A much worse idea comes from Arvind Sub­ra­ma­ni­am in today’s Finan­cial Times. He wants the WTO not only to engage in sur­veil­lance but also to enforce the ‘right’ val­ue for cur­ren­cies.

The World Trade Organ­i­sa­tion is a nat­ur­al forum for devel­op­ing new mul­ti­lat­er­al rules. First, under­val­ued exchange rates are de fac­to pro­tec­tion­ist trade poli­cies because they are a com­bi­na­tion of export sub­si­dies and import tar­iffs…:”

Even if we accept that there is an equiv­a­lence between cur­ren­cy man­age­ment and trade mea­sures, we have to ask so what? You’d imag­ine, wouldn’t you, that a trade econ­o­mist would recall that, in WTO, nei­ther of these trade instru­ments is nec­es­sar­i­ly “pro­tec­tion­ist” and that nei­ther is ille­gal (or even dep­re­cat­ed)! This is not much of an argu­ment for WTO inter­ven­tion.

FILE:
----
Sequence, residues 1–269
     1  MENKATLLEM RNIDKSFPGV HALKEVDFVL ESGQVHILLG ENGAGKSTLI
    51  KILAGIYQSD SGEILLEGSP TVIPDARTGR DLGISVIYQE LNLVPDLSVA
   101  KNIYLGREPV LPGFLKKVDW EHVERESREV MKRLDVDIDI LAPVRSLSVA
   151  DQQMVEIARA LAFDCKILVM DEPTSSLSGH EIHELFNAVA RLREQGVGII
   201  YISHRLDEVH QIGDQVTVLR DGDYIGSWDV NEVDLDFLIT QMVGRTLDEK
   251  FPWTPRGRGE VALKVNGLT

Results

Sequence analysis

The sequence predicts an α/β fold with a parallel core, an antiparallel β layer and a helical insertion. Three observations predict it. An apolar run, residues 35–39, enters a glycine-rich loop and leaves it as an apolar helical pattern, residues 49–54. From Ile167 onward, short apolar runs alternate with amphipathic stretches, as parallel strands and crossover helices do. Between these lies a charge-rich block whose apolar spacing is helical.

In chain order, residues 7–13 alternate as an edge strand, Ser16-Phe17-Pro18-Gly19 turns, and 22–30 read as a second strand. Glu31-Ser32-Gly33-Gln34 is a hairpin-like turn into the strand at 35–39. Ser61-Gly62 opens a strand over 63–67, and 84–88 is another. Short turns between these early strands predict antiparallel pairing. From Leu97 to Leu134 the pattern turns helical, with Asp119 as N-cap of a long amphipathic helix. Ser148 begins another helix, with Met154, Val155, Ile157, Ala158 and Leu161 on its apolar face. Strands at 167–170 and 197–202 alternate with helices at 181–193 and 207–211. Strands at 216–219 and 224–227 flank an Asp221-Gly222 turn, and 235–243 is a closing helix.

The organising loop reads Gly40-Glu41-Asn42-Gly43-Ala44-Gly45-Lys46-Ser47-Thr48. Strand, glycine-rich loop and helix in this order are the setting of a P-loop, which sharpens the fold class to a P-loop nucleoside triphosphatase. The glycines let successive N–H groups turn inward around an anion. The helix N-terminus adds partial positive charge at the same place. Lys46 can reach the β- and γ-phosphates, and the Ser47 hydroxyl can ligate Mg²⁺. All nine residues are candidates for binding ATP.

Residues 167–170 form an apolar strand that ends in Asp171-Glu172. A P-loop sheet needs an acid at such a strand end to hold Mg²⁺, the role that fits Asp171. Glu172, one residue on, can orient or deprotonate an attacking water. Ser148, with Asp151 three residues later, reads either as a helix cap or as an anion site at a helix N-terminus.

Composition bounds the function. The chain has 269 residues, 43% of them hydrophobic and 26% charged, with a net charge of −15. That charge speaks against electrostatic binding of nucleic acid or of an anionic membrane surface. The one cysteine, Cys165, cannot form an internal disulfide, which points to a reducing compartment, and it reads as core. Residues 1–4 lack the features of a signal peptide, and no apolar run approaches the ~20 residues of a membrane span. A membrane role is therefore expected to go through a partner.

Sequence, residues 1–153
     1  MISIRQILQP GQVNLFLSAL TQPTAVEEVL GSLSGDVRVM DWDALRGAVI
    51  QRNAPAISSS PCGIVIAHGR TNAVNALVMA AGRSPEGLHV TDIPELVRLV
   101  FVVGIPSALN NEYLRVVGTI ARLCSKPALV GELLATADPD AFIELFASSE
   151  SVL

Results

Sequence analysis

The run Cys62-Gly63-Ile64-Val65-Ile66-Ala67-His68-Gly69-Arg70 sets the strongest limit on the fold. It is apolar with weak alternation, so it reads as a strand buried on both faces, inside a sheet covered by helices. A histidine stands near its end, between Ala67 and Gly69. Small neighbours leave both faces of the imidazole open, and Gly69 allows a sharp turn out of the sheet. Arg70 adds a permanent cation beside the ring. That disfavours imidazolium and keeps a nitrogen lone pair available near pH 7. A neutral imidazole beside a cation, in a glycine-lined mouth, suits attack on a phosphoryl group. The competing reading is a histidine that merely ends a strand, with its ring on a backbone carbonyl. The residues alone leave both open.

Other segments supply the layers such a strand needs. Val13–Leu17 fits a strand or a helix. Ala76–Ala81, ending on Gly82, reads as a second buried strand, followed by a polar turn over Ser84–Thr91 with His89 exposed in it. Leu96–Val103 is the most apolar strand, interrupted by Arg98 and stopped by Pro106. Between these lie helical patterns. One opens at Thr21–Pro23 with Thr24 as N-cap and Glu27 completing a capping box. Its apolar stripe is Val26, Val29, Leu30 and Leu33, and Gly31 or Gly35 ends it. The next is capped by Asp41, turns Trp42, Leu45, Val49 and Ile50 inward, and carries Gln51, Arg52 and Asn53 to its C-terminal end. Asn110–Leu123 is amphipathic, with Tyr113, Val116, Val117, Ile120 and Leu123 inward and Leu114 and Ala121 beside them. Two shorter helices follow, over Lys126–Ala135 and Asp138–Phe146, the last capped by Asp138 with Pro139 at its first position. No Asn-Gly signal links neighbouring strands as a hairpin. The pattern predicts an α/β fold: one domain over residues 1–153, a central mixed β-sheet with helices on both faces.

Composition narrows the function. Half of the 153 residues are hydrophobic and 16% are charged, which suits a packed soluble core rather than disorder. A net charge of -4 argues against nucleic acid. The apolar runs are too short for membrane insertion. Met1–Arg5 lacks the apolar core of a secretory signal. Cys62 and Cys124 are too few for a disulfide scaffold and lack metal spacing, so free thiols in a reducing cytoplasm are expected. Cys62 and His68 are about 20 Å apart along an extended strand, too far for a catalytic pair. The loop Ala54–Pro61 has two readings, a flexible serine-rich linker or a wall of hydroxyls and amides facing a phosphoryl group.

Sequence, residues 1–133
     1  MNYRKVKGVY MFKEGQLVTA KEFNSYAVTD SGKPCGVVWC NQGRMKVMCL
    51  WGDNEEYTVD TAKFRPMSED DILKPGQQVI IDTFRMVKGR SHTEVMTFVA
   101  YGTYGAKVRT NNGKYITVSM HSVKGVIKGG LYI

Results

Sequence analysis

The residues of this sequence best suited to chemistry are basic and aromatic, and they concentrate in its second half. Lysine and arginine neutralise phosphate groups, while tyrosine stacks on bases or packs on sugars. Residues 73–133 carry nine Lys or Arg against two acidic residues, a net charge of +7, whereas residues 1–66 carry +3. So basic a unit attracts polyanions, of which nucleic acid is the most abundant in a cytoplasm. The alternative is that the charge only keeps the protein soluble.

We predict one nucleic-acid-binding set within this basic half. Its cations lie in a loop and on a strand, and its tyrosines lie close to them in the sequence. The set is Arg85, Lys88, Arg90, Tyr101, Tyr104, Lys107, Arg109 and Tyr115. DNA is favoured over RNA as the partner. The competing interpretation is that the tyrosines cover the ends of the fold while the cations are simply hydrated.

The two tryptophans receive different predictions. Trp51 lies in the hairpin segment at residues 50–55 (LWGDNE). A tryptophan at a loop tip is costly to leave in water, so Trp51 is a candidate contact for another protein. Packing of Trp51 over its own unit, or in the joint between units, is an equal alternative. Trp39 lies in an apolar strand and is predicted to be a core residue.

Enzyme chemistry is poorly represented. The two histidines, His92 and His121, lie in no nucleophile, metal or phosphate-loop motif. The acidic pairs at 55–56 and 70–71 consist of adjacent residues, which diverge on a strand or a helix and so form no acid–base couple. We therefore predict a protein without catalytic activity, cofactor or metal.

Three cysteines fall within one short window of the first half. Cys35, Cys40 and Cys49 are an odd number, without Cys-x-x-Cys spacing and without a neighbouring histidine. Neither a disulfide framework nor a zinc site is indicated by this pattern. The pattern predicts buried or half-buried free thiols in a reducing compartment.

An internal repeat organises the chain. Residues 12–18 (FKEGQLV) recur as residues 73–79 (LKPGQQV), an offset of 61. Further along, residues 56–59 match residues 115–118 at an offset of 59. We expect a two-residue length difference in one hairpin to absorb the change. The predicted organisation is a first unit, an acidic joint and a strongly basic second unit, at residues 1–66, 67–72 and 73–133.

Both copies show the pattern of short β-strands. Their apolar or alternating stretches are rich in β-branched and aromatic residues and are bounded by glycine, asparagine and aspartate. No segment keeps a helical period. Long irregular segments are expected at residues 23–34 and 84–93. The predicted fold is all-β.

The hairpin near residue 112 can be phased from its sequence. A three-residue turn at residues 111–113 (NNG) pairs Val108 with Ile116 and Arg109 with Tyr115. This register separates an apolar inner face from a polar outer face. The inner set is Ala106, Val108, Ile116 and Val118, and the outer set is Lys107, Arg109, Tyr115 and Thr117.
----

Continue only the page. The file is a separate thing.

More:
Sec­ond, the WTO has a bet­ter record on enforce­ment of rules. Its dis­pute set­tle­ment sys­tem, although not per­fect, has been rea­son­ably effec­tive in allow­ing mem­bers to ini­ti­ate and set­tle disputes…What is need­ed is a new rule in the WTO pro­scrib­ing under­val­ued exchange rates.

Uh-huh. But does Prof. Sub­ra­ma­ni­am recall what is need­ed to add a ‘rule’ to the WTO? If not ‘con­sen­sus’ (or ‘explic­it con­sen­sus’ in the Doha nego­ti­at­ing man­date), then a very strong qual­i­fied major­i­ty (⅔ of Mem­bers accord­ing to Arti­cle X of the Marakesh Agree­ment). Fur­ther­more, a new rule adopt­ed by a major­i­ty vote applies only to Mem­bers that accept it; unless a fur­ther anoth­er strong major­i­ty (¾ of Mem­bers) decides to expel any Mem­ber that does not accept the new rule.